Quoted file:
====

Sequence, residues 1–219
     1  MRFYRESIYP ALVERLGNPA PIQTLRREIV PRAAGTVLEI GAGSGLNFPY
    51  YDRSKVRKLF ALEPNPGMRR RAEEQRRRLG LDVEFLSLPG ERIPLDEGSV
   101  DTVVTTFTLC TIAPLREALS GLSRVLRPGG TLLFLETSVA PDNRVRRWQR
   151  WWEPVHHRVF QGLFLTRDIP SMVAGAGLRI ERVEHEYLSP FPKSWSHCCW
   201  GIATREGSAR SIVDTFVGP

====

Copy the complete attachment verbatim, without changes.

Sequence, residues 1–219
     1  MRFYRESIYP ALVERLGNPA PIQTLRREIV PRAAGTVLEI GAGSGLNFPY
    51  YDRSKVRKLF ALEPNPGMRR RAEEQRRRLG LDVEFLSLPG ERIPLDEGSV
   101  DTVVTTFTLC TIAPLREALS GLSRVLRPGG TLLFLETSVA PDNRVRRWQR
   151  WWEPVHHRVF QGLFLTRDIP SMVAGAGLRI ERVEHEYLSP FPKSWSHCCW
   201  GIATREGSAR SIVDTFVGP